The Australian Little Bittern is a small, secretive bird found in the tall reedbeds and rushes of wetlands.
The Australian Little Bittern is the smallest Australian heron. It is only 30cm long and weighs around 85 grams. In contrast to most other herons, the sexes are distinguishable. The male has a black back, whereas the female’s back is brown. Both have a black or dark crown, a rufous or buff neck, a black tail, and a dark-brown double-stripe from throat to mid-belly, flanked by broader buff streaks. The juvenile is similar to the female except it has bold brown/black streaks on much of its body and rufous tips on most feathers.
In flight, the male shows a marked contrast between dark back and primaries, and the buff upperwing coverts. This contrast is reduced in the female and slight in the juvenile.
Males utter a monotonous orrk-orrk-orrk, with notes uttered at 0.5 second intervals, in a sequence lasting about 10 seconds. Females are thought to give a call in a different pitch. Calls can carry at least 100 metres on still evenings. Sounds like wood being slowly sawed or call of frog. Bird call recorded by: Drew Davison
The Australian Little Bittern occurs locally across south-eastern and south-western Australia (during spring and summer). Its status in northern Australia is uncertain. However, recent records suggest that some sites (mostly artificial) support a resident breeding population. More information is needed, especially in wetlands with populations around the Ord River in Western Australia, Northern Territory and Queensland. Regarded as a winter visitor to southern Papua New Guinea.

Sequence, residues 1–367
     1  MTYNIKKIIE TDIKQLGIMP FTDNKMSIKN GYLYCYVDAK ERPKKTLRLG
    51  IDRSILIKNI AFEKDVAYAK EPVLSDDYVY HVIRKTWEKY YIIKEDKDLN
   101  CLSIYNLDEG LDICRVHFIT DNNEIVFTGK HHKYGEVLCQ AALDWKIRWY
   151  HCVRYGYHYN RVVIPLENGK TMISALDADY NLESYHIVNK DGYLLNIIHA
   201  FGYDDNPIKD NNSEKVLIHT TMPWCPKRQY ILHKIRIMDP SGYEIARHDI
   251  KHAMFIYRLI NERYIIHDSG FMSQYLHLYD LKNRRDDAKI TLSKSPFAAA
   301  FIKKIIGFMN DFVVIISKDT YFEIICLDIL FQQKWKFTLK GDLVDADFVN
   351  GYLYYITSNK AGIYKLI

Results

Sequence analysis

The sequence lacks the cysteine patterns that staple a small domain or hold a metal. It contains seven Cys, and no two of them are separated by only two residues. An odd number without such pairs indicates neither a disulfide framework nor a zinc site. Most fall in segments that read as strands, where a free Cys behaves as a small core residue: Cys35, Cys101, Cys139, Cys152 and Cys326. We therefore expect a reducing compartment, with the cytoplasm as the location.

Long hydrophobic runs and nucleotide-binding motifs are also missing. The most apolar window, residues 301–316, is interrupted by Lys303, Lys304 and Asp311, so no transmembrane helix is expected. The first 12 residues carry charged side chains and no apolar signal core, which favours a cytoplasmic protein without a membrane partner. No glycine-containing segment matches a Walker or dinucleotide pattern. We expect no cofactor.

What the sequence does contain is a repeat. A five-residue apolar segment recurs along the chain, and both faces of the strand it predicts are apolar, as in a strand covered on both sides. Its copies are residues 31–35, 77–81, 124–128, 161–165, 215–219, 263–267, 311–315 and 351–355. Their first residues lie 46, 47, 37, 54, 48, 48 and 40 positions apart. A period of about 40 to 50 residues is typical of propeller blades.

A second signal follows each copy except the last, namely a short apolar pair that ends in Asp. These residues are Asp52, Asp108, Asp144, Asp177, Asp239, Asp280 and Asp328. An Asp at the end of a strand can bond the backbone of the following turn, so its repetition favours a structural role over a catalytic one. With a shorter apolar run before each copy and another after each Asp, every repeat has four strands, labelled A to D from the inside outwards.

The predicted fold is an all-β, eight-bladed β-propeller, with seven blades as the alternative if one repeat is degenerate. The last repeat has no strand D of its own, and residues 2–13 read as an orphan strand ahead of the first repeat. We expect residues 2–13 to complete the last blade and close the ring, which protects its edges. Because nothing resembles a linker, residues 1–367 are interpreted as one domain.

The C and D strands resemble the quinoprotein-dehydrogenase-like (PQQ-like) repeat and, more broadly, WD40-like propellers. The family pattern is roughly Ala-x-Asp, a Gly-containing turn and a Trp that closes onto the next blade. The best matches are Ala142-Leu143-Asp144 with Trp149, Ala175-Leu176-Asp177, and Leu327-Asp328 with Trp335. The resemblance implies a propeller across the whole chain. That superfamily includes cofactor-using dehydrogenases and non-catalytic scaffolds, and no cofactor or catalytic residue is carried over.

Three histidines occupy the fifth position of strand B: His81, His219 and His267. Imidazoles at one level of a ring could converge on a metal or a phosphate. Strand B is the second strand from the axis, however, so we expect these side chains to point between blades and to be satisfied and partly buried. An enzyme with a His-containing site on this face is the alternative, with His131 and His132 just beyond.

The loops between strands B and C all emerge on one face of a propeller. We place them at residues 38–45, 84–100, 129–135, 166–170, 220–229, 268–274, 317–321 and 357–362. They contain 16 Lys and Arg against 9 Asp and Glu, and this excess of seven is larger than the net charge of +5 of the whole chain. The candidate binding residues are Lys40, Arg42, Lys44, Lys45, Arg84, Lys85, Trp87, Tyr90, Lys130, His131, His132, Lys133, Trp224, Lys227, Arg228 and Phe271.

The Australian Little Bittern occurs in diverse freshwater habitats, mainly where tall rushes, reeds, Typha (cumbungi), shrub thickets or other dense cover is inundated by at least 30cm of water. It can be found in vast swamps, but unlike the Australasian Bittern, it often inhabits small patches of dense wetland vegetation such as Typha along drains or in small urban lakes.
The Australian Little Bittern is not much larger than small rails but, unlike them, it rarely comes out onto mudflats or into the open, preferring to remain within or on the edge of wetland vegetation. It is a migratory species in the southern part of its range. They are most vocal during the breeding season in spring and early summer, around sunset and sunrise. They have been found to be much more vocal on warm, calm evenings (compared to cool windy conditions).
Australian Little Bitterns feed on a wide range of crustaceans and insects, including shrimps, prawns, freshwater crayfish, dragonfly larvae, water-boatmen and waterbugs, as well as fish and tadpoles. They perch low on reeds and stems, and patiently wait to stab swimming prey.
The breeding season of the Australian Little Bittern occurs from mid-October to late January. Their nest is a flimsy platform of seedheads, stems, fine twigs, grass, bark, reeds, fine sedges and rushes, sometimes with woven canopies, possibly made by roosting Purple Swamphens. They lay 3–4 eggs which are incubated for 16–21 days by both adults. The fledging period is 25–30 days. Young Australian Little Bitterns remain with their parents for another two weeks, first clambering on reeds around the nest at 9–14 days.